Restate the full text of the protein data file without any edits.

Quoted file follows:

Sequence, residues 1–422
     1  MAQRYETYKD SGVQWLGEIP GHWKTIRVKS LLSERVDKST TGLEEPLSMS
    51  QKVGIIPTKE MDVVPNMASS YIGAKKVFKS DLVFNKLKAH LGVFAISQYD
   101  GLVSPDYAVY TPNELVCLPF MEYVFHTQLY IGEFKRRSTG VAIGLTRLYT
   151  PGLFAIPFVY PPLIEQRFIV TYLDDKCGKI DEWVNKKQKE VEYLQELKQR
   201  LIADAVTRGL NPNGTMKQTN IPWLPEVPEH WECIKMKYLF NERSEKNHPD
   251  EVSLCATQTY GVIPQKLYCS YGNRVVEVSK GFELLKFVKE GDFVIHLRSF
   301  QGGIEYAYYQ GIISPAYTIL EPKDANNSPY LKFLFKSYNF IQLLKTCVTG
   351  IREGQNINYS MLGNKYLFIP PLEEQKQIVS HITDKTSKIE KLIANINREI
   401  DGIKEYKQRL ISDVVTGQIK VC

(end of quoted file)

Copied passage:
Sequence, residues 1–422
     1  MAQRYETYKD SGVQWLGEIP GHWKTIRVKS LLSERVDKST TGLEEPLSMS
    51  QKVGIIPTKE MDVVPNMASS YIGAKKVFKS DLVFNKLKAH LGVFAISQYD
   101  GLVSPDYAVY TPNELVCLPF MEYVFHTQLY IGEFKRRSTG VAIGLTRLYT
   151  PGLFAIPFVY PPLIEQRFIV TYLDDKCGKI DEWVNKKQKE VEYLQELKQR
   201  LIADAVTRGL NPNGTMKQTN IPWLPEVPEH WECIKMKYLF NERSEKNHPD
   251  EVSLCATQTY GVIPQKLYCS YGNRVVEVSK GFELLKFVKE GDFVIHLRSF
   301  QGGIEYAYYQ GIISPAYTIL EPKDANNSPY LKFLFKSYNF IQLLKTCVTG
   351  IREGQNINYS MLGNKYLFIP PLEEQKQIVS HITDKTSKIE KLIANINREI
   401  DGIKEYKQRL ISDVVTGQIK VC